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The server has 24 GB of memory and 4 quad-core cpu's. It runs a busy website on apache/MySQL/php and sometimes gives a message that the server load is too high. When I look at the logs it never uses more then 3 GB of memory which seems strange too me. This could be a MySQL or apache setting.

Here some data

uname -a
Linux s2274 2.6.32-32-server #62-Ubuntu SMP Wed Apr 20 22:07:43 UTC 2011 x86_64 GNU/Linux

free -m
             total       used       free     shared    buffers     cached
Mem:         24153      20951       3201          0        125      17719
-/+ buffers/cache:       3106      21046
Swap:        11240         14      11226

As you can see it says here that there is 20 GB in use. But when I look at top/htop it never comes above 3092 usage. The processors are not really active, average load is 0.9. Could I increase somehow the memory that is used by apache and/or MySQL to see if it can use alle memory?

Sorry, i was away for a while..... Here is the output from the mysqld command:

120108  8:48:21 [Note] Plugin 'FEDERATED' is disabled.
  --key_buffer_size=# The size of the buffer used for index blocks for MyISAM
  --max_binlog_size=# Binary log will be rotated automatically when the size
                      max_relay_log_size is 0. The minimum value for this
  --max_join_size=#   Joins that are probably going to read more than
                      max_join_size records return an error.
                      the size exceeds max_binlog_size. 0 excepted, the minimum
  --record_buffer=#   Alias for read_buffer_size
  --tmp_table_size=#  If an internal in-memory temporary table exceeds this
binlog_cache_size                 32768
bulk_insert_buffer_size           8388608
delayed_queue_size                1000
join_buffer_size                  12582912
key_buffer_size                   805306368
key_cache_block_size              1024
max_binlog_cache_size             18446744073709547520
max_binlog_size                   104857600
max_heap_table_size               805306368
max_join_size                     18446744073709551615
max_relay_log_size                0
myisam_block_size                 1024
myisam_data_pointer_size          6
myisam_max_extra_sort_file_size   2147483648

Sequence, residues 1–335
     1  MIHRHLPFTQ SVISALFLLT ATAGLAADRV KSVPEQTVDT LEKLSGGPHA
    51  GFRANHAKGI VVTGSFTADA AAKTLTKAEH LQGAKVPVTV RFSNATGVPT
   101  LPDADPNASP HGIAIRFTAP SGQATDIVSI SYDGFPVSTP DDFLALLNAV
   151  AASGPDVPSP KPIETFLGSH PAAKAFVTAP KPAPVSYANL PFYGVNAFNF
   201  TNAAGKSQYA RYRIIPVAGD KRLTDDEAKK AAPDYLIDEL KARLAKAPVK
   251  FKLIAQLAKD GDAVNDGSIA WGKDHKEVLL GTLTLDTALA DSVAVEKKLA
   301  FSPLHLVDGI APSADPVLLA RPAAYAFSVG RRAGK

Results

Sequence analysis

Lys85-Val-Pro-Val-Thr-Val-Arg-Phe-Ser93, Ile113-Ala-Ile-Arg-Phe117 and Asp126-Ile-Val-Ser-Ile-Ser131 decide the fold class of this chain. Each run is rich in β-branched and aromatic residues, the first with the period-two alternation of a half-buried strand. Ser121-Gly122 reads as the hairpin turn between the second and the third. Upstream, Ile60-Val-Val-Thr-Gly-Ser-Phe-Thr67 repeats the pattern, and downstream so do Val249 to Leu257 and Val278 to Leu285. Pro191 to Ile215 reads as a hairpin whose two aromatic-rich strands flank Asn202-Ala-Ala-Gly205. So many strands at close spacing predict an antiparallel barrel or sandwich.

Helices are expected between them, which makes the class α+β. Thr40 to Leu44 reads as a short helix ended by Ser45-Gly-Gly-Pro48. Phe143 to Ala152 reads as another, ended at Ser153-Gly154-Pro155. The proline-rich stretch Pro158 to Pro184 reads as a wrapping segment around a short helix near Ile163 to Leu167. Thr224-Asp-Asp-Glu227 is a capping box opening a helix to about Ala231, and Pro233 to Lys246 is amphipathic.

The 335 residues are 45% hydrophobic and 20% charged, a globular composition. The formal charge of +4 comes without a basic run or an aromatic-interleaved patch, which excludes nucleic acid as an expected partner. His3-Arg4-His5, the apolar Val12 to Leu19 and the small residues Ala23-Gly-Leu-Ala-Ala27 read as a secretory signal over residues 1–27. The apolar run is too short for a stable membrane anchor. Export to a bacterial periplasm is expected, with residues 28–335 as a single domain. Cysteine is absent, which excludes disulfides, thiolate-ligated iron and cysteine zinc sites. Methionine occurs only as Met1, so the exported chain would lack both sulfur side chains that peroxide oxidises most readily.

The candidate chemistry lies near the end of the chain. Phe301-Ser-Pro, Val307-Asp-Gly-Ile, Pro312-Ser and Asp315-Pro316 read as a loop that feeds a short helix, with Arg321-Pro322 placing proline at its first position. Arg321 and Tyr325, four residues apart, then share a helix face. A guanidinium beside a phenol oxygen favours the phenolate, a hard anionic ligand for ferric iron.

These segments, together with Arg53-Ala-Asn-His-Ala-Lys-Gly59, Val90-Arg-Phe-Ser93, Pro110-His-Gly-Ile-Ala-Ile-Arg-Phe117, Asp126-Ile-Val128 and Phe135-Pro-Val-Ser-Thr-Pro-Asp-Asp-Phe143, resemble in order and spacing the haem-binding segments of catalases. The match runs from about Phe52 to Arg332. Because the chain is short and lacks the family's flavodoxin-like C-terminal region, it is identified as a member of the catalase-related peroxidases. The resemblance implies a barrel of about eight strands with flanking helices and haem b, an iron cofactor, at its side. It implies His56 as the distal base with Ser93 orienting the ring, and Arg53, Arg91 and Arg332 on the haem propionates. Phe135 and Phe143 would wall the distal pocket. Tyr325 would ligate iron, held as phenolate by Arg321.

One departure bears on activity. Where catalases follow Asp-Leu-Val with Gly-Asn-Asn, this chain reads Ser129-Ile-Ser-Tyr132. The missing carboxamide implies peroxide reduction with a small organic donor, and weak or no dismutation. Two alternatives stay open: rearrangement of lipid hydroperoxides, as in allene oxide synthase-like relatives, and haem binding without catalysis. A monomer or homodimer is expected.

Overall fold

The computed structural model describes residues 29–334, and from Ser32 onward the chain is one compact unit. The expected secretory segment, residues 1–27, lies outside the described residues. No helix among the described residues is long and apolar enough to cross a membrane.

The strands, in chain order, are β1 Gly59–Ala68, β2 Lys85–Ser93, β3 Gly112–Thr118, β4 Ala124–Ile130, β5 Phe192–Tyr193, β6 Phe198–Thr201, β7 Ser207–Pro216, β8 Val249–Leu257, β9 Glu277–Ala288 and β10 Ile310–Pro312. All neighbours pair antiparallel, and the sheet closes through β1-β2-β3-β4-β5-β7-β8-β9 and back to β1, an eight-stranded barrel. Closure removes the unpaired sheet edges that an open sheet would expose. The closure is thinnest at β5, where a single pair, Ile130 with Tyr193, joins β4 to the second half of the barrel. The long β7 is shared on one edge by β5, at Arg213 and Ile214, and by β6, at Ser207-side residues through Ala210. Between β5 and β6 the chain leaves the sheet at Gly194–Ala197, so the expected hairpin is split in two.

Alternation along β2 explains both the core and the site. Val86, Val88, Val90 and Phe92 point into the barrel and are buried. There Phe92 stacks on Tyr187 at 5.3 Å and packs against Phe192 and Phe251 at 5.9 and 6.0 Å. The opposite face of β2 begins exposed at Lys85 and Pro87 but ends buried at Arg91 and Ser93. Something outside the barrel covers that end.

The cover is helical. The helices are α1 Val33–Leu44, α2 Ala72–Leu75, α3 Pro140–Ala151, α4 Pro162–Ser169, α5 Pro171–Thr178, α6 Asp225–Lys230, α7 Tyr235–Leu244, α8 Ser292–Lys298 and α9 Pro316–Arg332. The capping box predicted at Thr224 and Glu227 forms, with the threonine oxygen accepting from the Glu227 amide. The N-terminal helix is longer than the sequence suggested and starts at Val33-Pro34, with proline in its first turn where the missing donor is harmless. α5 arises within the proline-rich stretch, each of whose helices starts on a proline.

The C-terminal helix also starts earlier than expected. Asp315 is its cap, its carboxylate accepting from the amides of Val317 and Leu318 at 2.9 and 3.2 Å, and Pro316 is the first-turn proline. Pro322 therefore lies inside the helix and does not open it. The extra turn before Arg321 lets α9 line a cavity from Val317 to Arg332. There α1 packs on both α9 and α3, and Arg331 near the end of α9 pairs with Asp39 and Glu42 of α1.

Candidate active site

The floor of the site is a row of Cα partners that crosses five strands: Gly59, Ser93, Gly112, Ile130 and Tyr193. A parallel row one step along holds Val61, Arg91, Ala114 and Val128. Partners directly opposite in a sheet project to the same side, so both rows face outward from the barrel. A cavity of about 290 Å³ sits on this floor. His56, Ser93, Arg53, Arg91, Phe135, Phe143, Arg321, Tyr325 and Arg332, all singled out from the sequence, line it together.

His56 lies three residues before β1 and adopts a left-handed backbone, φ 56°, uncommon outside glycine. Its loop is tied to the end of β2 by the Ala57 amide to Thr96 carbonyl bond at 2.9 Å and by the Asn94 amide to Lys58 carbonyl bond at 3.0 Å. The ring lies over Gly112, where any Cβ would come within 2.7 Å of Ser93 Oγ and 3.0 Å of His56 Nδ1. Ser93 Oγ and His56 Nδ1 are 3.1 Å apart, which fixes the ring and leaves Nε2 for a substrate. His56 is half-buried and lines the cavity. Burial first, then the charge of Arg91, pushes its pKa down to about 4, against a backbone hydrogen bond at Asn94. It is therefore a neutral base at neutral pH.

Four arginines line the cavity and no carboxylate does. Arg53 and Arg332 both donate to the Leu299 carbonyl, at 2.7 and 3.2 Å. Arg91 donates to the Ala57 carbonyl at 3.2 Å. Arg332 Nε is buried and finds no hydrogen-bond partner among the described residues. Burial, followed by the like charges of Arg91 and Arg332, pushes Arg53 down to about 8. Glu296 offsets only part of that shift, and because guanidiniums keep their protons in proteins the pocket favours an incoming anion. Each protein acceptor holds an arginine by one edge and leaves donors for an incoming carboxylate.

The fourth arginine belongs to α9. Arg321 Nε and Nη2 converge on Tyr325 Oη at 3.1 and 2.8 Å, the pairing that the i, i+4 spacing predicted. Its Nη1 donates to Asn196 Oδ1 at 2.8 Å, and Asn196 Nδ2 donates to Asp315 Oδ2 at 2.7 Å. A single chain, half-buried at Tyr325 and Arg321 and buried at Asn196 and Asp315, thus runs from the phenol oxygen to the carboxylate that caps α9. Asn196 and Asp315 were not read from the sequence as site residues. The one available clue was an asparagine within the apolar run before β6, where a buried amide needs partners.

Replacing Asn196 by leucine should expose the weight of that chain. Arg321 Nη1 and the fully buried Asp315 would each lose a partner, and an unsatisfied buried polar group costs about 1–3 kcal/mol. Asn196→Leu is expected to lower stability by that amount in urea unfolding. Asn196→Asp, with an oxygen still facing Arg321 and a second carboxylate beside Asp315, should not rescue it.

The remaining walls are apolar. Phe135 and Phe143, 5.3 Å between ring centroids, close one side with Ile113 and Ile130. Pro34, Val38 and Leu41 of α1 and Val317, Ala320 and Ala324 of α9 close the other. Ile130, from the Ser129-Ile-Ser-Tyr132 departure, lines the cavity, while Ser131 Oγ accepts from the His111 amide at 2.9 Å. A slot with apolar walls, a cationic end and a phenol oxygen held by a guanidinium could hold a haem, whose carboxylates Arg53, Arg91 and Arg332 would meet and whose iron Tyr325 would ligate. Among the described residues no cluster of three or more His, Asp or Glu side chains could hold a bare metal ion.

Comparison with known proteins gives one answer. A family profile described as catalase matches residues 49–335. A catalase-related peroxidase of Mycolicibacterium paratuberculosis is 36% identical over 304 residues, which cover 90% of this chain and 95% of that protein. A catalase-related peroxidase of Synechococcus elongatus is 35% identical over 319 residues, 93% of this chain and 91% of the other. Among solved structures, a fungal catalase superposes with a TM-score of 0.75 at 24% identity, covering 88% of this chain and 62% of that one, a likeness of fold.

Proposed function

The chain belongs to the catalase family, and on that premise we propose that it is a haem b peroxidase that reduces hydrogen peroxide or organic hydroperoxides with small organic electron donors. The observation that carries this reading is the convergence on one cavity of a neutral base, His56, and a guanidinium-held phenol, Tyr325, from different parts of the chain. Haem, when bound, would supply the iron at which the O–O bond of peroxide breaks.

myisam_max_sort_file_size         9223372036853727232
myisam_sort_buffer_size           25165824
preload_buffer_size               32768
profiling_history_size            15
query_alloc_block_size            8192
query_cache_size                  805306368
query_prealloc_size               8192
range_alloc_block_size            4096
read_buffer_size                  25165824
read_rnd_buffer_size              25165824
sort_buffer_size                  25165824
thread_cache_size                 256
tmp_table_size                    805306368
transaction_alloc_block_size      8192
transaction_prealloc_size         4096

The php memory_limit is 128M

I see that 3 gb limit in several situations. F.i. Htop, top and when I log in to Webmin in the server status.( yes I use Webmin since I do a lot of management from my iPad ;))

I will try to add a screenshot here...

share|improve this question
3 GB reminds me to the max memory available to 32-bit applications. Could you provide information about the versions of MySQL, Apache and PHP you've running? Which software caused the "Load too high" message? Log file entries? What are the memory settings of MySQL (output of mysqld --verbose --help | grep _size)? PHP's memory_limit config option? – tohuwawohu Nov 26 '11 at 10:15
What exactly are you looking at that says 3092 usage? A screenshot with a highlight may prove helpful. From free your server looks fine. – Caesium Nov 26 '11 at 10:42
I think we need to understand which process you are seeing from Htop that is using the 3092 of usage. If Apache is getting hit really hard by the number of concurrent connections it may be spawning a number of child processes. – Justin Andrusk Dec 16 '11 at 16:50

You are using 20951 of 24153. The applications are not requesting any more than 3092 so the kernel is using the rest for cache and buffers. As your applications need more memory, the kernel will reduce the cache to accommodate the new application requirements.

Tweaking the MySQL and Apache configuration for optimal performance depends on the application. In some cases like static web sites, a large filesystem cache is great. A dynamic site however with heavy database interaction would benefit from a few changes to the default MySQL configuration.

Percona has a nice tool to get you started with the MySQL config. Once the basics are in, you can tweak further for the specifics of your application.

The Apache configuration depends on how much traffic and the size of the requests. Without knowing anything it's hard to recommend beyond the defaults.

share|improve this answer

If i am correct you are running a 32 bit server

32 bit is limmited to 4 gb mem unless you use the pae image:

A 32-bit computer has a word size of 32 bits, this limits the memory theoretically to 4GB. This barrier has been extended through the use of 'Physical Address Extension' (or PAE) which increases the limit to 64GB although the memory access above 4GB will be slightly slower.

i cannot find if the kernel image has pae included.

you can try do a apt-get install linux-image-generic-pae

if that is don do reboot and see if you user more of your memory.

ELse consider installing 64 bit server

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